Costing More Than Money to Offshore
Sixty percent of manufacturers use a basic (and flawed) cost model to determine the costs to offshore their product manufacturing needs.[i] They base decisions to do business in other countries on:
- Wage arbitrage – Countries where there is an abundance of labor and the cost of doing business is lower than in the United States.
- Purchase price variance (PPV) – A procurement metric that rewards purchasers who achieve year-over-year cost savings. This happens when a supplier lowers their piece-part price from the year(s) prior.
- Landed cost – The total price of a product or shipment includes the product cost, transportation fees, customs, duties, taxes, tariffs, insurance, currency conversion, crating, handling and payment fees.
In some circumstances, there can be drawbacks when offshoring product manufacturing. Companies may experience cost-savings, but their suppliers may cut corners elsewhere, triggering other areas of product manufacturing to suffer. Product design engineers, and purchasers, and the OEMs they serve, need to know that today’s U.S. manufacturers are in a good position to compete with lower-cost overseas suppliers.
Do Not Get Caught Off Guard
Companies that offshore manufacturing will want to consider 10 areas of doing business that may work against anticipated cost reductions.
- Lead and delivery times: If you experience product quality issues or a recall and quickly need replacement parts, U.S. manufacturers can shorten your lead and delivery times by weeks, or sometimes months. On top of this, shipping charges cost less and in-country manufacturers may be able to offer you just-in-time deliveries.
- Overseas wages: The combination of rising wages plus fluctuations in currency exchanges may require a new quote or price increase.
- Product innovations: When you need to collaborate with overseas suppliers to change product designs, time zone differences and language barriers can add time and complications to your efforts. If you include travel, the cost of doing business overseas adds up even more. Having ease-of-access to domestic suppliers can decrease your time-to-market, thereby increasing your bottom-line value.
- Consistent quality product manufacturing: When you have quality issues and need to return defective product to an overseas supplier, the added shipping costs could decrease your profitability, and make it time-consuming to manage. In many cases, there is no value in returning rejects, as overseas suppliers may not offer product warranties, or have data tracking systems to help manage recalls.
- Tax incentives: If you send your product manufacturing jobs overseas, you need to stay on top of regulatory changes within the U.S. government that can affect your business. When President Trump announced a 10% tariff on all aluminum entering the United States, your product costs just increased. On the bright side, our national and local governments are responding more favorably to companies who move product manufacturing back to the United States. Some local governments may offer tax incentives, or low-cost, low-interest loans on new builds. These potential savings can go to your bottom line and support job creation for our citizens.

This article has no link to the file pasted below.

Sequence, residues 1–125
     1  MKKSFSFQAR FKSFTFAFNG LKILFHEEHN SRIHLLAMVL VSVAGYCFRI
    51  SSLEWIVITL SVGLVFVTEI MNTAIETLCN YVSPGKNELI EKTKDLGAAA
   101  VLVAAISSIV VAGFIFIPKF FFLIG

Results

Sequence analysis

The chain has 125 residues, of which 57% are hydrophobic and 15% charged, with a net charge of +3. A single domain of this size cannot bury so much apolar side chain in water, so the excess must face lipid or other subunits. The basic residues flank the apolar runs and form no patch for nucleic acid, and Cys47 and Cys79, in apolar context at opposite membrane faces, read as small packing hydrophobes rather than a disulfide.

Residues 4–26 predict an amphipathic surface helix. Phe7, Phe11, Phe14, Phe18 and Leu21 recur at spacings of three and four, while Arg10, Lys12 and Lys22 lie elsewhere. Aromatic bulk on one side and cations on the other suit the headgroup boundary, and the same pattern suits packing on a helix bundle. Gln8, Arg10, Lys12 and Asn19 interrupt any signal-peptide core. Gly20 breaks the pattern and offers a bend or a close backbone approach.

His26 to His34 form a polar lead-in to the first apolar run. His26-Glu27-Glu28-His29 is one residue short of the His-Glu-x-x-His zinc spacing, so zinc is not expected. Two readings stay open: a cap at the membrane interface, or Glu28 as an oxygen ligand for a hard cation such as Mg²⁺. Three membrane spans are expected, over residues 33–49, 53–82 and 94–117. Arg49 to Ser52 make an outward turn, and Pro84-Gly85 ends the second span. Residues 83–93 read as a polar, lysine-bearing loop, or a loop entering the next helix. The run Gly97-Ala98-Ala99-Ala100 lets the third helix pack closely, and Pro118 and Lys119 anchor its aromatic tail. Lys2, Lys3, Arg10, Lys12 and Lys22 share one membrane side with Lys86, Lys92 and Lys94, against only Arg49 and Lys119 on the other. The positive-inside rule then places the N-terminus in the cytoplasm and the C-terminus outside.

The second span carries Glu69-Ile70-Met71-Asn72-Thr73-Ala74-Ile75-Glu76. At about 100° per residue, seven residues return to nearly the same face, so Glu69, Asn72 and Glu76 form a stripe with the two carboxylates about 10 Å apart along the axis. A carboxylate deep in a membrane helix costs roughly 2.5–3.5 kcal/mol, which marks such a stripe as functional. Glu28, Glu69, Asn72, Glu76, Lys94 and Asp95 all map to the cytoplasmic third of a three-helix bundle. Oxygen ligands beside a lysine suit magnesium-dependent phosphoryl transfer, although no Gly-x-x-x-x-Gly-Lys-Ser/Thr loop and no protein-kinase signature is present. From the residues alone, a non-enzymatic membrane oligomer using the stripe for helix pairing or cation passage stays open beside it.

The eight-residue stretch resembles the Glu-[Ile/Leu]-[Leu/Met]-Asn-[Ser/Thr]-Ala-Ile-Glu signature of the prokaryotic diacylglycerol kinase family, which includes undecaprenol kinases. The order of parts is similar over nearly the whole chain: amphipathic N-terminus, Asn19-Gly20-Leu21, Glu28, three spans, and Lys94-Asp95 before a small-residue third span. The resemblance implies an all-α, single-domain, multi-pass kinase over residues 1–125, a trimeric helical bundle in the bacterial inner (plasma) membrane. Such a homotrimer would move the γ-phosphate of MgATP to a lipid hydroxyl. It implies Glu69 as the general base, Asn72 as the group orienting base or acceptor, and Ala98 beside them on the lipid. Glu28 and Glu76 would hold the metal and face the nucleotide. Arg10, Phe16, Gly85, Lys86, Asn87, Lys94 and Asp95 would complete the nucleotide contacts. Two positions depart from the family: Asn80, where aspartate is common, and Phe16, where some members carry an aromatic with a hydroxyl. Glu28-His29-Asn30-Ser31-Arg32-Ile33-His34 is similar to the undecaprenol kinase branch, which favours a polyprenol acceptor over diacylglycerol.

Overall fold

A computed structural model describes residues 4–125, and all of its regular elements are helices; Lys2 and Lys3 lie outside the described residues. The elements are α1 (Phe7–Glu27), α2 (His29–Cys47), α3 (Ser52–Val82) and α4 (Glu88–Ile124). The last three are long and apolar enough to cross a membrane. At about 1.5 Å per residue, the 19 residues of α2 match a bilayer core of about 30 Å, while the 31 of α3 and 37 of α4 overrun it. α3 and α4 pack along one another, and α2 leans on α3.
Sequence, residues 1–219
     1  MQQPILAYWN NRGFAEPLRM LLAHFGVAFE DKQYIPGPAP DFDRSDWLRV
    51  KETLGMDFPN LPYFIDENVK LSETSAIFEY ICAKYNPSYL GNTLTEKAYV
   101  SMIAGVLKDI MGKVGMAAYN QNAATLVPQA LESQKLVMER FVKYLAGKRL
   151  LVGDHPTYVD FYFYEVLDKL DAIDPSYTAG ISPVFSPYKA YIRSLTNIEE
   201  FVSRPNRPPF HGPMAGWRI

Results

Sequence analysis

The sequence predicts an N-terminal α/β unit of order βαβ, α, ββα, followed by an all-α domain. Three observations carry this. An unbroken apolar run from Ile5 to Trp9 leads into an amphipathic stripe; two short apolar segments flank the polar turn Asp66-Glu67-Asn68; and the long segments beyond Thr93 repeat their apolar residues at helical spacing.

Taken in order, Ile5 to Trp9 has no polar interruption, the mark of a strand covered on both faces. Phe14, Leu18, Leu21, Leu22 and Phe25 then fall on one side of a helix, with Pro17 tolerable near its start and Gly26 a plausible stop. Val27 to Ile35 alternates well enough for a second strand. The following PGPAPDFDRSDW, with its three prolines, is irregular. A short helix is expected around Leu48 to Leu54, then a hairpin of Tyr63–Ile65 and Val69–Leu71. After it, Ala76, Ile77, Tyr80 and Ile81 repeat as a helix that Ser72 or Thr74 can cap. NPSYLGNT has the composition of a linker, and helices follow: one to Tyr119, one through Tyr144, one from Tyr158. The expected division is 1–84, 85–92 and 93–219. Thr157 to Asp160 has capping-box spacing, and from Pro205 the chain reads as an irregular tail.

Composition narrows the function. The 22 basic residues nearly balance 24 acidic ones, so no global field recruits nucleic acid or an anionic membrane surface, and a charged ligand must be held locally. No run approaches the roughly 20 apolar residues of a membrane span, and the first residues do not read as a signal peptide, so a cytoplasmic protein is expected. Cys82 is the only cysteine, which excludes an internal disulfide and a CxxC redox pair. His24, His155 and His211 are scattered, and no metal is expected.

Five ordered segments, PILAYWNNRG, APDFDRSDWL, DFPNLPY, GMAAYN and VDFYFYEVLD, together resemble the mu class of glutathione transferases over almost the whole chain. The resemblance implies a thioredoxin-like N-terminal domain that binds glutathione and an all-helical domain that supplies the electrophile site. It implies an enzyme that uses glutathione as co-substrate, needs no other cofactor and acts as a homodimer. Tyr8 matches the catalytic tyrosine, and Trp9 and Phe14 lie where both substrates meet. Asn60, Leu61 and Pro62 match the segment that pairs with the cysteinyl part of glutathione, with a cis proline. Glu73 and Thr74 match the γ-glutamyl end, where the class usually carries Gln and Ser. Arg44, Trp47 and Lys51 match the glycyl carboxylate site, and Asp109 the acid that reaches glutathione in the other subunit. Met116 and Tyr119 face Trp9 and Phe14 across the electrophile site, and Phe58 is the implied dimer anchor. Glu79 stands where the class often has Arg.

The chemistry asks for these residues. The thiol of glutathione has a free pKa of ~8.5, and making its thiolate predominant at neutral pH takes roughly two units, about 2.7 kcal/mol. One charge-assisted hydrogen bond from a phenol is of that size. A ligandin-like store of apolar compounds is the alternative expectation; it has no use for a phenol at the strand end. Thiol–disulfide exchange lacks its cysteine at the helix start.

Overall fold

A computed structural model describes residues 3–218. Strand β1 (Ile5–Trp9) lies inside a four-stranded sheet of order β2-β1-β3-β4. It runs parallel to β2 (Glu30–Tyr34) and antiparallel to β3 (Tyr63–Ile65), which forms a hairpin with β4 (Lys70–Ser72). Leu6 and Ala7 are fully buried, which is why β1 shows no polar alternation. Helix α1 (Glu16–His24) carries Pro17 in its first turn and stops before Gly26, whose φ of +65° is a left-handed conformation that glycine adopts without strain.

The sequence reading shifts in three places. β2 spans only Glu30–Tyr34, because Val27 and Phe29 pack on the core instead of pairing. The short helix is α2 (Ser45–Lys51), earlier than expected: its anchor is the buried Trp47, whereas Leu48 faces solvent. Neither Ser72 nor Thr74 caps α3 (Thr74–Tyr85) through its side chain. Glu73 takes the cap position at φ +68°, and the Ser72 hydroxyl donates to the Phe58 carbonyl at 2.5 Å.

- Inventory, quick-turn orders: When you have to wait for your overseas supplier to fill a shipping container to help offset the higher cost of shipping, inventory fees may accrue on waiting product. Rush orders can also be cost-prohibitive, or even, unobtainable.
- Make design changes: If you need to make design changes to your product, language barriers and substantial time-zone differences can occur with international suppliers and directly affect your product manufacturing. Design changes also could require cumbersome, and time-consuming international travel for your team to assist your supplier in making changes.
- A skilled workforce: American manufacturers are stepping up their recruitment and retention game by creating their own in-house training and leadership development programs, while also offering unique retention benefits, such as 100 percent tuition reimbursement benefits beginning on day one of employment. These actions are increasing the skills of our workforce. The demand for these workers will continue to be a driving force in the U.S. manufacturing industry. Do you know what your overseas suppliers are doing to invest in their workforce?
- Creates local jobs: Shifting production from overseas back to the United States creates hundreds and thousands of manufacturing, engineering and high-tech jobs in our own country. This gives us opportunity to grow our skills, increase our industrial and technical knowledge, and be even more creative in our new product innovations.
- Made in the USA: This is more than a nomenclature. For consumers who buy your products, “Made in the USA” signifies quality workmanship, more jobs, and a healthy economy.
Do Not Get Blinded by Price
Like a shiny new object that catches your eye, do not become blinded by a lower piece-part price. Your purchasing managers, buyers, and design engineers, need to be aware of behind-the-scene factors that could increase your product manufacturing costs.
What price do you put on project management, speed to market, or intellectual property? After considering the 10 items above, take time to walk through the resource listed below. Educate yourself about the total cost of ownership to make the best decision for your company. Keep in mind, other than piece-part costs, there are several critical factors to consider when choosing your manufacturing suppliers.
Calculate your true costs using an overseas supplier through this free tool: Total Cost of Ownership Estimator™, recognized as a viable resource by the U.S. Commerce Department.
[i] Reshoring Initiative – a non-profit advocacy group